Why new overtime rules will raise payroll costs for employers of all sizes
- While the DOL's rumored May 12 release for the new FLSA regs didn't materialize, preparations should take place now, as the rules are likely to shake up employers of all sizes.
- According to Employee Benefits News, and the DOL projections, 4.6 million employees currently exempt will become non-exempt because of the higher annual salary threshold.
- While some employers have been trying to get ahead of the curve by doing wage and hour assessments – for example, the employment law firm Littler Mendelson recently surveyed 85 clients and found 86% had begun to prepare for the changes in some fashion – the efforts alone to adapt and adjust to the rule will cost employers, according to EBN.
Employers have limited options, according to EBN. They can raise employees salaries over the threshold and keep them as exempt (no overtime). They can move employees from salaried to hourly and invoke a ban on overtime without prior authorization. Or, finally, they can turn salaried employees to hourly workers and pay overtime at 1.5 times their normal hourly rate should they work more than 40 hours per week.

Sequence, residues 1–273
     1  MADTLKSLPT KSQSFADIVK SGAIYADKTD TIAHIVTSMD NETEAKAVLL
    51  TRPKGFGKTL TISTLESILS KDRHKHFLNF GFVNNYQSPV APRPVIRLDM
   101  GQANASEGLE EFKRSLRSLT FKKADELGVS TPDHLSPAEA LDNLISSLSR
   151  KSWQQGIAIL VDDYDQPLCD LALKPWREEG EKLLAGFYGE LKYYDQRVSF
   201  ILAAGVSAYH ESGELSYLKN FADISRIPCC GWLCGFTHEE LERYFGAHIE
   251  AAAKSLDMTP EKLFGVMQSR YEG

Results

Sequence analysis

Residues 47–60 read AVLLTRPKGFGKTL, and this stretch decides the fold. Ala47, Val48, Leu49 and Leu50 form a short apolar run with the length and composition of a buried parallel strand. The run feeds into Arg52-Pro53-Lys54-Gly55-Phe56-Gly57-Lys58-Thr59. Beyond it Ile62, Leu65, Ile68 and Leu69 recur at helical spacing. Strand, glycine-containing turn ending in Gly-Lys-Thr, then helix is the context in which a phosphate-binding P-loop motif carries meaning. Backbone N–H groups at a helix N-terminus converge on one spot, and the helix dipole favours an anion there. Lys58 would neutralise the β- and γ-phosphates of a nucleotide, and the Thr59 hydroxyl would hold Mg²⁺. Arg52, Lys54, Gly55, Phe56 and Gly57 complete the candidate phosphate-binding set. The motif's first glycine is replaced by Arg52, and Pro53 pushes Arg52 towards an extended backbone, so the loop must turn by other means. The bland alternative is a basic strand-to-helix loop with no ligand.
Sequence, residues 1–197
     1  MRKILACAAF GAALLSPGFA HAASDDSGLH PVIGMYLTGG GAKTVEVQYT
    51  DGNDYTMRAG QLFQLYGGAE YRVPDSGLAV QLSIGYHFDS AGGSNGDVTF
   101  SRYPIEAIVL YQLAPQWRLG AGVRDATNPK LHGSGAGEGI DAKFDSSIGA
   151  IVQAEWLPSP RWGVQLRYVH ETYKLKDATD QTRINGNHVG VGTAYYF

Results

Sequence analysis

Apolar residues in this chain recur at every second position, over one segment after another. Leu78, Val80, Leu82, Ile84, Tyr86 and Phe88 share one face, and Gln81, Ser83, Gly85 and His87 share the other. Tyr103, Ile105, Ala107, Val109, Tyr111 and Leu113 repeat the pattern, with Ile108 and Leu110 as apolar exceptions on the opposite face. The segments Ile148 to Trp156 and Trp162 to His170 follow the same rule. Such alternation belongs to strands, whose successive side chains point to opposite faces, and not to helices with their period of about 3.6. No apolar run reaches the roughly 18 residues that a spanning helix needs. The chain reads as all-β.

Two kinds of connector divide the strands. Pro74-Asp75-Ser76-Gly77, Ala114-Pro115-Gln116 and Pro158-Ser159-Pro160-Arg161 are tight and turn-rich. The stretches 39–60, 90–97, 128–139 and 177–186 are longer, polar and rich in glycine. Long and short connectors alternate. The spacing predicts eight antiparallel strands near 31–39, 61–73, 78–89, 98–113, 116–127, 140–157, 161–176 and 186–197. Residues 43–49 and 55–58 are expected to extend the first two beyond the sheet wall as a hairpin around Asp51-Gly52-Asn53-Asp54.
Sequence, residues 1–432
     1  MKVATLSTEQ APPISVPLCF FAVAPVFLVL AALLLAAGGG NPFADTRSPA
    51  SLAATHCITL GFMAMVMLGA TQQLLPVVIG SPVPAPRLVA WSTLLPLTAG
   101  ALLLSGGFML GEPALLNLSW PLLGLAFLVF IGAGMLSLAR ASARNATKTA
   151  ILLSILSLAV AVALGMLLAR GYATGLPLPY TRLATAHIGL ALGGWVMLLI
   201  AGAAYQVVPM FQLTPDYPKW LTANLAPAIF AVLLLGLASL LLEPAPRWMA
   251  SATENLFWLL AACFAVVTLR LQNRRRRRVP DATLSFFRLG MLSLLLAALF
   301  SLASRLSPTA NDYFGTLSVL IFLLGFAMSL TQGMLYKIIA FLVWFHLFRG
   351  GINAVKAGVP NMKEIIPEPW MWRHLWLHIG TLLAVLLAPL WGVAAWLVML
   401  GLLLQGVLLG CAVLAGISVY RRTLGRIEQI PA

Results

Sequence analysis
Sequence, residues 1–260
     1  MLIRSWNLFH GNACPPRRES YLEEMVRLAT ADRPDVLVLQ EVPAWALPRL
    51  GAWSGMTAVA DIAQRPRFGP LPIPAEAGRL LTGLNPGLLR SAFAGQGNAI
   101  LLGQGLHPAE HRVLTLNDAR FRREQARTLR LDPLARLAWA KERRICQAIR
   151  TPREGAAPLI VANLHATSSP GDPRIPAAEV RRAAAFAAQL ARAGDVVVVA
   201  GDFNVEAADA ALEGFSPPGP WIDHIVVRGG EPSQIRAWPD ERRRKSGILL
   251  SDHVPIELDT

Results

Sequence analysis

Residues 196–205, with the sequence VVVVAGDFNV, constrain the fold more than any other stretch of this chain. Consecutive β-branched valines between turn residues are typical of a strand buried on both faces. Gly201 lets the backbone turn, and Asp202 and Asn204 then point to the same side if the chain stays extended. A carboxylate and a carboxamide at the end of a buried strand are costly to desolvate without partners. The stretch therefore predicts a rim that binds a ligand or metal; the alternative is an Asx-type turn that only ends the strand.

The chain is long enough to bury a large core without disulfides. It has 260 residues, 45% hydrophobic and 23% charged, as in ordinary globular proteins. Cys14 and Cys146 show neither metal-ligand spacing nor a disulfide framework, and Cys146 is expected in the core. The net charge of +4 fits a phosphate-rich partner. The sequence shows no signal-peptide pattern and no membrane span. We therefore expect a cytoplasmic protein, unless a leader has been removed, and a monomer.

However, EBN notes that while there may be some creative alternatives to those three basic options in controlling costs, the options also bring some risk with them. No matter what, the new rules are likely to result in "significant administrative" burdens on employers. The article cites one expert who explained that many employers never tracked hours because their workforce is 100% exempt. So if they must go hourly with some workers due to the much higher threshold, it will require new labor management systems, primarily for timekeeping.
One attorney in the article says until the new regs are made public, it's very difficult for employers to make any "concrete changes," because workforces vary so much.